Friday Links | March 23, 2012

Several of hundreds of activists have been protesting against the Moroccan “rape law“, after Amina Filali’s death on March 10. At the same time, the force behind the marriage of Amina and her rapist, Amina’s mother, says that she regrets the marriage, but that she did not really have a choice.

A British Muslim juror has been excused from sitting on a case, after she refused to take off her niqab. The chairman of the Islamic Human Rights Commission said that the decision from the judge is unacceptable.

In Lebanon, a 70-year-old woman has been raped by a 23-year-old man; both are from a Palestinian refugee camp in the south of Lebanon. He is said to have raped a young girl before, and has married her in order to avoid punishment. May Allah give the victims of this man’s actions justice.

Iman Musa and Majida Mugrabi are Muslim, lesbian, and a couple. They arrived in Canada in 2007, and filed a refugee claim, as they fear they will be killed by their family, if they would return to Israel. At first their refugee claim was unsuccessful, but now they have been given a second chance.

A Russian court has decided in the baby-swap case: the Russian girl, raised by the Tajik father, will get the Russian mother’s name on the birth certificate. The Tajik father, who is not the biological father and is divorced and was raising the girl alone, will remain the father named on the birth certificate.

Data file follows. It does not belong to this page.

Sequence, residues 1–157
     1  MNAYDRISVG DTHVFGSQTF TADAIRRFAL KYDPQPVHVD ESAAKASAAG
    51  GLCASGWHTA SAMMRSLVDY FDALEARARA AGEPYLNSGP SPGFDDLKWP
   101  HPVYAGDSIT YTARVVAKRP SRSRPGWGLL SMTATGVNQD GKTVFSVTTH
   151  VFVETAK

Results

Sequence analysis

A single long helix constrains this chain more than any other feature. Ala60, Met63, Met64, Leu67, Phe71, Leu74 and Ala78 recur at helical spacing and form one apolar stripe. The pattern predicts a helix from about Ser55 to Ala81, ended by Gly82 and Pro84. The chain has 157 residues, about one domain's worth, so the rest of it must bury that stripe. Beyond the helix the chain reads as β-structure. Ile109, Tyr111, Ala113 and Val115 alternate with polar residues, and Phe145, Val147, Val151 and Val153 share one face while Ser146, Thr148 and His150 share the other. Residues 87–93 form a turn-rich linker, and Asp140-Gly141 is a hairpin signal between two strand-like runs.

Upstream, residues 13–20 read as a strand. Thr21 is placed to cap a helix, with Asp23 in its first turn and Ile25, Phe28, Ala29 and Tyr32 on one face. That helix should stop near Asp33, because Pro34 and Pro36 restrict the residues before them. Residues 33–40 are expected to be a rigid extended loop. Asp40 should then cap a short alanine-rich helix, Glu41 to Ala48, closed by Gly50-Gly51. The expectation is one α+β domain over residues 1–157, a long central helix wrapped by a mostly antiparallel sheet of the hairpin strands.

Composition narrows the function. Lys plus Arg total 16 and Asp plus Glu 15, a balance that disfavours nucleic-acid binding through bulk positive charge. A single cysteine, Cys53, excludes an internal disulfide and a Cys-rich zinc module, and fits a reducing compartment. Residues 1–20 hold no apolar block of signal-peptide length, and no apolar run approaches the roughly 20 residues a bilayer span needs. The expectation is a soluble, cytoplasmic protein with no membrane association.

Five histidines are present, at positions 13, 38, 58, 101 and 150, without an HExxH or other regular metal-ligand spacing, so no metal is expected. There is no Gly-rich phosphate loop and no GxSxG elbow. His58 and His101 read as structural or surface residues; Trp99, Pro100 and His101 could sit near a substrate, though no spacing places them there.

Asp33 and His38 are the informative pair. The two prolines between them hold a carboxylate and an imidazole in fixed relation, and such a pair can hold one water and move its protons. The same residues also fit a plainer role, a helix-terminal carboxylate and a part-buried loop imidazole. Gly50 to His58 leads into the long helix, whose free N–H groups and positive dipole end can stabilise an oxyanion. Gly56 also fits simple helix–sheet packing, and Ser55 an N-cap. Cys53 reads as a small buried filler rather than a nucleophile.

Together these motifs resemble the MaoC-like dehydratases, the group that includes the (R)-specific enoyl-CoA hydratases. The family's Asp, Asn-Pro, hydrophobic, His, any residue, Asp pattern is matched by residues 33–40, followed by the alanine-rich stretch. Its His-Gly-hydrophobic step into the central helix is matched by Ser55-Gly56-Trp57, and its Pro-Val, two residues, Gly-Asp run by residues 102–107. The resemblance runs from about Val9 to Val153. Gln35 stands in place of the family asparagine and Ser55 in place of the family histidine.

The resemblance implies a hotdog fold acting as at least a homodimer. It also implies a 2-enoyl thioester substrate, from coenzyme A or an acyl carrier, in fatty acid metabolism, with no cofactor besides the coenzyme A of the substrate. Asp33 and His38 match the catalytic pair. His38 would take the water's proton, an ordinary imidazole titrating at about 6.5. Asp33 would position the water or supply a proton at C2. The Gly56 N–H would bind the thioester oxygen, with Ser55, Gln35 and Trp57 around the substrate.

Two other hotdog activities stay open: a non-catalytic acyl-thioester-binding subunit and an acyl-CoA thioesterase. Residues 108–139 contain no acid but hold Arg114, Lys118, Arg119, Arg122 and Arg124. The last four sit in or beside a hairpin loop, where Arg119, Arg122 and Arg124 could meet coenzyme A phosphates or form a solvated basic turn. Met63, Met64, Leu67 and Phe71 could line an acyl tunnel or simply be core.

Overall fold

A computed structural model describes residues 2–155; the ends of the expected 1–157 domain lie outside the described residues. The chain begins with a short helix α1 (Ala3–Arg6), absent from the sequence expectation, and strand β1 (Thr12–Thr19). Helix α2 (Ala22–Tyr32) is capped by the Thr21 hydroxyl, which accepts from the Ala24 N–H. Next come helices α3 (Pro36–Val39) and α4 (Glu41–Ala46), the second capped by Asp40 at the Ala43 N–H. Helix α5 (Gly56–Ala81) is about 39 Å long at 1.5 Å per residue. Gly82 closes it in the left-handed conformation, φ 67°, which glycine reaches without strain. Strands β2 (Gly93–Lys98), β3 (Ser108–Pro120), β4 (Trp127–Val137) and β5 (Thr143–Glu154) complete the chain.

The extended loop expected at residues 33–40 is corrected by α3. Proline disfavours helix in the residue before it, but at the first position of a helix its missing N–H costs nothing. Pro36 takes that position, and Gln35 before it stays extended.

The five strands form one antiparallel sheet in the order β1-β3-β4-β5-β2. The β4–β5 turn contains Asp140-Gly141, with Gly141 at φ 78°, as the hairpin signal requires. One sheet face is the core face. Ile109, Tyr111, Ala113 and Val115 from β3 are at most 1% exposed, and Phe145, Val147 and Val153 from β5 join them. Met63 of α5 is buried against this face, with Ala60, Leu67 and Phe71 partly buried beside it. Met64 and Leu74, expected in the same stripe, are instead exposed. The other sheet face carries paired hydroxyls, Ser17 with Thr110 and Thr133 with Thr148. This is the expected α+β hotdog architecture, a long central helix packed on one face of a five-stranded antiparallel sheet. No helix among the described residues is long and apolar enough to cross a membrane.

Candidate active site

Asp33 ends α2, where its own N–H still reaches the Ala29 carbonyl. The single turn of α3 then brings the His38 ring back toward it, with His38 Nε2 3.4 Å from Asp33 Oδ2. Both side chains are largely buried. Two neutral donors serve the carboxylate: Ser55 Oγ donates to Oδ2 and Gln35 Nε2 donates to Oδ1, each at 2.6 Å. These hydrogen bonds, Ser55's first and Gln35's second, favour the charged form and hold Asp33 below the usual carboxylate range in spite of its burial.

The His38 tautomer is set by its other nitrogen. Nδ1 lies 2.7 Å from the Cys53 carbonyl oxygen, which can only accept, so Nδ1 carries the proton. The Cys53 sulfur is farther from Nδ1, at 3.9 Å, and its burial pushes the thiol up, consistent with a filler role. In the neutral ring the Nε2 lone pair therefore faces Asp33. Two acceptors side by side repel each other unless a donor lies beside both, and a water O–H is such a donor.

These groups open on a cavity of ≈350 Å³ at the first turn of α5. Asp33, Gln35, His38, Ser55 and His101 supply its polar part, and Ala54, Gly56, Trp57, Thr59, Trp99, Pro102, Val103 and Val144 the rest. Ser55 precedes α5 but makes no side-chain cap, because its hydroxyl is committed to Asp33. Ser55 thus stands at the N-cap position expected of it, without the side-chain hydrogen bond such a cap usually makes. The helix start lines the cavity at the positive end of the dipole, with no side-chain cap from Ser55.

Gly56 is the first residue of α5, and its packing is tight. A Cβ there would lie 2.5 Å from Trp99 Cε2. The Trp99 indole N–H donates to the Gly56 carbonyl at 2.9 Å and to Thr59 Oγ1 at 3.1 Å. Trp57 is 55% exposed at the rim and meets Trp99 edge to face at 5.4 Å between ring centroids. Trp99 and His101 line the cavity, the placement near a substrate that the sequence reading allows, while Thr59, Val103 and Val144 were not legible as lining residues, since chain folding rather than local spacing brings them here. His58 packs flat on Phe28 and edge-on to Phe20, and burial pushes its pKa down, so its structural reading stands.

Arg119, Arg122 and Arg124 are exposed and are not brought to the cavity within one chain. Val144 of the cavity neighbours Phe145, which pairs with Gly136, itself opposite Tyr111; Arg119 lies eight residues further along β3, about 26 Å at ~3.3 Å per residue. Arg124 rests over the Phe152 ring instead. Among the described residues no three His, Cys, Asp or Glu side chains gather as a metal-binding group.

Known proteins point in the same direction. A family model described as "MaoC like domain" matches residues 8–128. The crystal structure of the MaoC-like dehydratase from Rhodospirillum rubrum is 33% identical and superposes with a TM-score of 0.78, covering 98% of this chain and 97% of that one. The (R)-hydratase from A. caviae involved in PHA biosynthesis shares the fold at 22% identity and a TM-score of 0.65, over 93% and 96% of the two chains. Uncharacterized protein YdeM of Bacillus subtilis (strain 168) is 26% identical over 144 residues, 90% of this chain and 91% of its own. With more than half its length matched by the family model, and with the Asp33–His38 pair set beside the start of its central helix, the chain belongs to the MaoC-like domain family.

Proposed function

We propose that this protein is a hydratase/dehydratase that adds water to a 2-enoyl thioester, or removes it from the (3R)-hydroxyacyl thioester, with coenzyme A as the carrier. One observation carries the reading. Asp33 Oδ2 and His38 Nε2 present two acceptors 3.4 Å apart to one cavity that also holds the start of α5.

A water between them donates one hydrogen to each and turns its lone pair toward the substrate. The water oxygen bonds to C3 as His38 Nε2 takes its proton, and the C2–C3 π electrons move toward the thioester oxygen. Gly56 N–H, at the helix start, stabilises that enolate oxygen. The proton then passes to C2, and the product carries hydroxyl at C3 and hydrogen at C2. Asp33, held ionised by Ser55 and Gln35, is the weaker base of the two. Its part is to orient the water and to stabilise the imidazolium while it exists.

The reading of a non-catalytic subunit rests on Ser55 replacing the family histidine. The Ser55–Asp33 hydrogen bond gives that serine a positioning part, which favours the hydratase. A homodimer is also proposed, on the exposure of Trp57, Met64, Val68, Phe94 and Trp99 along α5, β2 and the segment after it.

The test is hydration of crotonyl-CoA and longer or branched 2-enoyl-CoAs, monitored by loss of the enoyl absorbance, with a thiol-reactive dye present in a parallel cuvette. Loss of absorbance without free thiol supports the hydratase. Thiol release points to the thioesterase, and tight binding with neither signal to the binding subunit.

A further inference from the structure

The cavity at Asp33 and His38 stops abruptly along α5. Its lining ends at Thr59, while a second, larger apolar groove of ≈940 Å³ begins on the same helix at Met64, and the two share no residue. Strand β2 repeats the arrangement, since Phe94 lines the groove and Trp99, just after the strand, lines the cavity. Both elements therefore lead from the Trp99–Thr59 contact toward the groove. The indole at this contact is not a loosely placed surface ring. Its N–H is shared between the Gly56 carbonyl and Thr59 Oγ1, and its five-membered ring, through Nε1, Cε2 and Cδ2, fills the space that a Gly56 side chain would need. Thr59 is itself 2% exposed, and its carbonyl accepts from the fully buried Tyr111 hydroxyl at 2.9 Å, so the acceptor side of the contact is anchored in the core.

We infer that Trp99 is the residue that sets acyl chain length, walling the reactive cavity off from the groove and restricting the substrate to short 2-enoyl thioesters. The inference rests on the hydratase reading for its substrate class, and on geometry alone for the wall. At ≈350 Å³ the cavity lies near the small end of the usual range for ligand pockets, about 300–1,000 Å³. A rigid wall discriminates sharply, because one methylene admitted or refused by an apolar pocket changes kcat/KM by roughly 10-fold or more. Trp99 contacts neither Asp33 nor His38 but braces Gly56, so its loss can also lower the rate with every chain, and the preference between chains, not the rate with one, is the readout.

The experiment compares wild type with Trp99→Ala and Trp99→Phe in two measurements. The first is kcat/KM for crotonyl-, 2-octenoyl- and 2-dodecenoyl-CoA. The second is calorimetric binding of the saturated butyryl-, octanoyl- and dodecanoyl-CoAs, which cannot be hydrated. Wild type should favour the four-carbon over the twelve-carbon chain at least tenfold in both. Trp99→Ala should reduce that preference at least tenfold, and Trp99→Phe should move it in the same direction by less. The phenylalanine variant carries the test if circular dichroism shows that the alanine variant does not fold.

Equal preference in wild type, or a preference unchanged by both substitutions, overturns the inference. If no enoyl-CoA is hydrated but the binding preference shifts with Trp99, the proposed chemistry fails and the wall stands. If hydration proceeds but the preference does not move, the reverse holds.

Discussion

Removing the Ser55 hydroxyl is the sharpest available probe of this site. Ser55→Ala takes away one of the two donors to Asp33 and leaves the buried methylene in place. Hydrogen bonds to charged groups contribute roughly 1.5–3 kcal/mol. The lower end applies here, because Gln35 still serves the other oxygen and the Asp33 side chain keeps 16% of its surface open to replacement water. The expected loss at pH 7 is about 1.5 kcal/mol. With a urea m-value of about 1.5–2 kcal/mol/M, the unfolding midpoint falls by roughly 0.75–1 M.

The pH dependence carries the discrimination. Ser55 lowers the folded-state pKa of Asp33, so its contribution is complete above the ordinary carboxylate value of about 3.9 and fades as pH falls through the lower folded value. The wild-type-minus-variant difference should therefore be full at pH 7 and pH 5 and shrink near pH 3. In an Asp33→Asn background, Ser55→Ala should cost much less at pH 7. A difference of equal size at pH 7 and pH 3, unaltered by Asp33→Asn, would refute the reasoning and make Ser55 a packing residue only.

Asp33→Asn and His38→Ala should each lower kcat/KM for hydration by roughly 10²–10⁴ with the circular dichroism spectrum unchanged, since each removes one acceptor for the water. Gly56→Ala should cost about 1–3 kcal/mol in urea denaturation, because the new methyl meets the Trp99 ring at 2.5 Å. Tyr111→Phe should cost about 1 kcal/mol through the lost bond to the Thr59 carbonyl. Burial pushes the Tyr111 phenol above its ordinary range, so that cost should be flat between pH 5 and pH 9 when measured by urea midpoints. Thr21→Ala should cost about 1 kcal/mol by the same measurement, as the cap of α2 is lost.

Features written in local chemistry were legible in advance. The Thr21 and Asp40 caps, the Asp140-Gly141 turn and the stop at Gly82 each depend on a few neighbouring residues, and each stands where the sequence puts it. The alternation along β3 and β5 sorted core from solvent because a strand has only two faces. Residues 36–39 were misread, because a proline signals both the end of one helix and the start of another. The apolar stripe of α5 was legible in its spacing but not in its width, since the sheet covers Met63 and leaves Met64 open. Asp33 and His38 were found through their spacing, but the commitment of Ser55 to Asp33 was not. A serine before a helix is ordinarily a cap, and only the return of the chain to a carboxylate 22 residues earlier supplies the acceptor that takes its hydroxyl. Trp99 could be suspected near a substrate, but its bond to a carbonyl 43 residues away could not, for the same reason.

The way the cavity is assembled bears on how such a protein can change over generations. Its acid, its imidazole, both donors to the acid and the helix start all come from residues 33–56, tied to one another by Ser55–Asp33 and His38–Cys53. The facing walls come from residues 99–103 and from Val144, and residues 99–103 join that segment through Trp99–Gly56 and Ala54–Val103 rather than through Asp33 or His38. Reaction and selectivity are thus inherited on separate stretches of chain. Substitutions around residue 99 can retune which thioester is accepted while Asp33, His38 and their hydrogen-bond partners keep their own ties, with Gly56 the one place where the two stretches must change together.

An Egyptian teenager in Kuwait has thrown herself off a balcony to avoid a forced marriage, arranged by her family. She survived and an investigation has been launched by Kuwaiti police.

Rasema Handanovic, a Bosnian woman, has been charged with war crimes against Croats by a local court.

Shahtaj Khanum, the ex-deputy mayor of the Indian city Bangalore, found out about her divorce, through a newspaper advertisement. She is determined to fight in court against this “illegal method” of divorcing.

In the Nigerian city of Kano, there are now approximately 1 million women of “marriageable status” who are looking for husbands. Now the Kano state government has announced a new program to solve this problem: an “initial public offering” of marriageable women. The Voice of Widows, Divorcée and Orphans of Nigeria (VOWAN) is calling for the government officials to take a stand and marry one (or more) of the women themselves.

A bomb ambush killed one school girl and injured four others in Pattani, southern Thailand. Authorities believe the bomb was aimed at rangers, but they had already passed when the bomb exploded.

Worldpress.org features an article on Maryam Bibi, a Pakistani chief executive of a women’s charity in volatile city of Peshawar.

A Turkish woman who went to university and had a good job in Germany, while wearing her hijab. She was much disappointed when in her native Turkey she was not even allowed to hand in an application because of her hijab.

In an audio slideshow, two Chadian women tell about the hardships that have come with the poor harvests and lack of food. In some regions in West Africa, water levels have never been so low.

A Philadelphia security firm has to pay a settlement of US$50,000 to a former employee was told that she could not wear her khimar (headscarf) to her work. Funny thing is that she was wearing a khimar during her job interview, and they hired her, without mentioning anything about the “company dress code.”

Afghan Girl Scouts from broken homes hope that working at a restaurant and learning vocational skills might help them to build a better future.